The comments show that some people want an election asap, and dismiss in my view rather glibly the practical (and possibly legal) difficulties involved in fixing an election date in the short term (eg for a September election). I don't understand why it is so important to have a Cripplegate election asap when it is apparently fine for the Mayoral and GLA elections to continue to be postponed until next May. Fine, the decision to postpone was made as Paul says at the height of the pandemic, but if as far as he is concerned we are now in an "all clear" phase, why is the continued postponement of the Mayoral and GLA elections perfectly acceptable? 

People can want what they want, but if they are being inconsistent and illogical, they might find resistance, and understandably and rightly so, in my opinion. 

In a similar vein, as Paul says, people are taking overseas holidays, and those returning from Spain now will need to quarantine for 2 weeks. Today's press reports that France and even Germany may be heading towards a second wave. People are cancelling overseas holidays, and not just holidays to Spain. But we can still go to the pub, after "signing in" so is everything fine, really? I don't think that pub or gym owners will be saying it is business as usual - many people are staying away from pubs and gyms because of Covid concerns. 

As for being disrespectful, I have always been respectful to and of people, and I am sorry if my attempt at humour (we wait ages for a bus then several come all at once) made Jacquie feel I was being disrespectful. Please bear in mind that I took time to address the comments made and to deal with them from my perspective - I respect all of you enough to engage with you and address your comments here, even if it looks as though we will not agree.

The "second wave" of comments to my mind have not really taken matters forward - by which I mean none of the comments lead me to the view that I should do all in my power to procure an asap election, eg one to be held in September. 

As Sue says, residents can make their own decision about the risks of voting in person or by postal vote, but if the outcome could be that people who would ordinarily have voted do not vote, is that democracy? 

Graeme Harrower is correct to say that (theoretically) the Court of Aldermen could refuse to accept a letter of surrender. I say theoretically because I suspect there is no precedent for this, so the legal consequences could be unclear and debatable. However, Graeme seemed to accept that a refusal could be seen as reasonable in current circumstances. So, my question back is whether if that happened, those wanting an election asap would be content? Presumably, those of you wanting an election asap would be just as unhappy if the Court of Aldermen refused to accept the letter of surrender. Should I write a letter of surrender expecting that it will not be "received" by my fellow Aldermen. And if that means the electoral process is stopped, what happens next? Do I need to wait, still in post, to be told when my fellow Aldermen will "receive" my surrender of office, thus moving the electoral process to the next stage? As it is, you have maximum transparency with the buck beginning and ending with me, and me alone.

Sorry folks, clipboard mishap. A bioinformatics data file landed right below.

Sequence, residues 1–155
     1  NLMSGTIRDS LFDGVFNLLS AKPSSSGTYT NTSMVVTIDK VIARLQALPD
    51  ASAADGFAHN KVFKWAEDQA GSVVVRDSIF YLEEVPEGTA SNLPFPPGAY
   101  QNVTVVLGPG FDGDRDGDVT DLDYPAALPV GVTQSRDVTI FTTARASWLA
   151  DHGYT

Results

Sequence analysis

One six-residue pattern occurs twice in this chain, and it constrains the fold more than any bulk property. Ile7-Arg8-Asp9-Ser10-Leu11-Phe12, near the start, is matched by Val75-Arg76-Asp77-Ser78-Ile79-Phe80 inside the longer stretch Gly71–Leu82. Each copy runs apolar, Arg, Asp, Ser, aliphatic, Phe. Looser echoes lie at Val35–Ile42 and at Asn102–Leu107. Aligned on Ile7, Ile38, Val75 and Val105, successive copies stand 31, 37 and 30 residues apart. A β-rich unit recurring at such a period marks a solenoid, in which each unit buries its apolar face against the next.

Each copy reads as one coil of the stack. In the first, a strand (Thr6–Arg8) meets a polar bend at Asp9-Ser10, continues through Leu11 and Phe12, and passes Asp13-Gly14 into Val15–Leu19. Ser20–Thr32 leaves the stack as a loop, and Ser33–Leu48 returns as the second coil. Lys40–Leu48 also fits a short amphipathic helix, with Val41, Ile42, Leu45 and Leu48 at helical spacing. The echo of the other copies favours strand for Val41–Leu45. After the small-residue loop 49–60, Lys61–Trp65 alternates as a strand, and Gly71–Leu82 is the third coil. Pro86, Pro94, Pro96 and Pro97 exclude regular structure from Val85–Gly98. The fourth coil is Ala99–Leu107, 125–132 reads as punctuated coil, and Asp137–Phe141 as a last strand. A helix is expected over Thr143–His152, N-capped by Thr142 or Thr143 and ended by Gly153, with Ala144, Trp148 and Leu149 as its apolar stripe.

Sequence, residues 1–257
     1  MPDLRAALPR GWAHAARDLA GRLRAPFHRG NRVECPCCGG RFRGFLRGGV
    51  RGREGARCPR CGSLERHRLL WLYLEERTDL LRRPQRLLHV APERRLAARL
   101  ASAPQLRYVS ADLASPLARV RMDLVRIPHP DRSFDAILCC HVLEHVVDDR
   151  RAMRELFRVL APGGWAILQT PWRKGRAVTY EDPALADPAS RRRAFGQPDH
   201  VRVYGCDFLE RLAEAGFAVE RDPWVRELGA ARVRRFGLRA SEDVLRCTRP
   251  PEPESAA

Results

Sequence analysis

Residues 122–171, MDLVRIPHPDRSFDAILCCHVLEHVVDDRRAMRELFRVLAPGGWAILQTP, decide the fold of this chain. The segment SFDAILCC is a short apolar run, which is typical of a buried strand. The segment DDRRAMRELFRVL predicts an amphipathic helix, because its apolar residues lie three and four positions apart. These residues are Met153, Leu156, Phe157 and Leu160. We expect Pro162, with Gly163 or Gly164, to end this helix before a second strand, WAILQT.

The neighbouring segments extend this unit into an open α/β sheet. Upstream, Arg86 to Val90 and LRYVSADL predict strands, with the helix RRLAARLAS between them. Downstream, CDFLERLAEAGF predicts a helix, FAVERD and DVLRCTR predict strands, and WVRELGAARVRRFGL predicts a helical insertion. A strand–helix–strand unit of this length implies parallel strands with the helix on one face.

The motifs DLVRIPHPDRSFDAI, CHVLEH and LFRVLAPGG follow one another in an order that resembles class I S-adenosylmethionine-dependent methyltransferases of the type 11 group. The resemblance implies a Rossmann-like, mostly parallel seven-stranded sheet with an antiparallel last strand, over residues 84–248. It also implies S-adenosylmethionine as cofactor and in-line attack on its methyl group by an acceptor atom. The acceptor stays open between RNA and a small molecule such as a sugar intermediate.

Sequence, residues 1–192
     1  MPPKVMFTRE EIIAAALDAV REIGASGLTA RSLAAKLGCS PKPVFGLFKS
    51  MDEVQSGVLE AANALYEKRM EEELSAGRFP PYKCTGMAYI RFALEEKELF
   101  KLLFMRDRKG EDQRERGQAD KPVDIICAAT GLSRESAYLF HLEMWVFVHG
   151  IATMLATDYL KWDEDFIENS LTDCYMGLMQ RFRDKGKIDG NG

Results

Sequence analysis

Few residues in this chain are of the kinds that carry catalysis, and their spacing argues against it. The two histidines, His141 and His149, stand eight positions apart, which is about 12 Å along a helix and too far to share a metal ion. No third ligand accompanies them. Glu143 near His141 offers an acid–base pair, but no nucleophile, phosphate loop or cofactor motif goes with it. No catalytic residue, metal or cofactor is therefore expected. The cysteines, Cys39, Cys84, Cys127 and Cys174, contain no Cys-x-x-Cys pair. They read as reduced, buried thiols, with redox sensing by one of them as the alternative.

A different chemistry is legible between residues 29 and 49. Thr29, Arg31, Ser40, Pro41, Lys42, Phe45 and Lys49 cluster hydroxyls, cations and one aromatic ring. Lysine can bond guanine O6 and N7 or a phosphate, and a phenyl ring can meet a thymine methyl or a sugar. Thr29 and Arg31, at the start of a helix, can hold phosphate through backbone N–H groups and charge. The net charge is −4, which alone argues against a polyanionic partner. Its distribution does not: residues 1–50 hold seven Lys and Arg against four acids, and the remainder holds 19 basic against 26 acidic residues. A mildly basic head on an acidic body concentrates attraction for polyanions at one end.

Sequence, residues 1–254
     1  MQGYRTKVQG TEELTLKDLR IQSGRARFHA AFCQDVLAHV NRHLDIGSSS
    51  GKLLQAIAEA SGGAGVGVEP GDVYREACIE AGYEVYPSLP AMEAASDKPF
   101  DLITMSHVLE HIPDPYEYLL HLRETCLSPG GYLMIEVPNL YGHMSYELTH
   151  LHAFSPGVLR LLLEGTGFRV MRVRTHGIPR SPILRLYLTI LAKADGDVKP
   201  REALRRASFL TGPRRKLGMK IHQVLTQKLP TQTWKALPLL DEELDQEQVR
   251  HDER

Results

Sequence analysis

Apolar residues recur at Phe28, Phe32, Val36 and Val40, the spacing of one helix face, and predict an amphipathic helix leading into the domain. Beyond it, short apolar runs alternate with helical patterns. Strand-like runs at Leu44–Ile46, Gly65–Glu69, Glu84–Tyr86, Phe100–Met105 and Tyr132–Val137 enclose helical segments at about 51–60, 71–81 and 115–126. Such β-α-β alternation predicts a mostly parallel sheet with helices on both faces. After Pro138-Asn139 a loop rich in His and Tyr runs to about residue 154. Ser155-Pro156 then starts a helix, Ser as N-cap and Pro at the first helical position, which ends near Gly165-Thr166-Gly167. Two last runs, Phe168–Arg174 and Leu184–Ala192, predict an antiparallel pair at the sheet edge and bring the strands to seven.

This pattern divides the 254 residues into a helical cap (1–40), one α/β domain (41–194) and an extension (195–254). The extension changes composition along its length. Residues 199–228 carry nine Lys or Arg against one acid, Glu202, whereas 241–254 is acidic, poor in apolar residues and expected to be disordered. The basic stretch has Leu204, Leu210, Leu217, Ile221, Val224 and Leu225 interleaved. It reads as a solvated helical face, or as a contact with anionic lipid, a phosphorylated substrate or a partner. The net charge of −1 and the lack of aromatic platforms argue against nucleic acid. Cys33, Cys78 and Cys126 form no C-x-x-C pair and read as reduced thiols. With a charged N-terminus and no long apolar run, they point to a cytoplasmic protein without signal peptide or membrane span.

I think the time to ask who will be the candidates for an election is when we know that an election is going to happen, not now. However, if anyone wishes to declare their intention to be my successor, they should feel free to do so. 

And finally, apologies to Graeme for misreading his £70,000 comment. That said, I wonder what the electoral process costs the City Corporation, ie how much money would potentially be wasted if a new lockdown meant that an election process had to be stopped in its tracks, eg a week before polling day. Or should it go ahead, come what may? I still believe that it is wrong to force people to either register for a postal vote or face disenfranchisement. 

Comment by Graeme Harrower on July 27, 2020 at 10:52

Alderman Graves has written in his comment on my blog that “If the election [for alderman in Cripplegate] would...cost £70,000 (as Graeme says)...”. It would not cost £70,000, and I did not say that it would. What I wrote was: “The City Corporation could spend some of the unused £70,000 it set aside for a campaign to encourage more business registration this year on facilitating postal registration.” There was no ambiguity. 

Comment by Sue Pearson on July 27, 2020 at 10:02

This is a very simple question about democracy. 

The decision to hold any election should not be made by one  individual - particularly one who has held the office concerned, whose term has expired and who wants to be re-elected. Residents can make their own decision about the risks of voting at a polling station or using a postal vote instead, which a large number do already. No one needs to be, or would be, disenfranchised. Arguments about micro management bear little weight. If the Corporation cannot organise a small ward election safely, how can it deliver on its claim to aid the national recovery?

Comment by Jacqueline Swanson on July 26, 2020 at 20:50

Alderman Graves

You are being glib about a serious matter. In fact you're being extraordinarily disrespectful - what is it you are implying when you compare resident comments to buses? I spotted the blog earlier in the week but like many of my neighbours needed to time to digest and get to the weekend so I could think clearly about my response.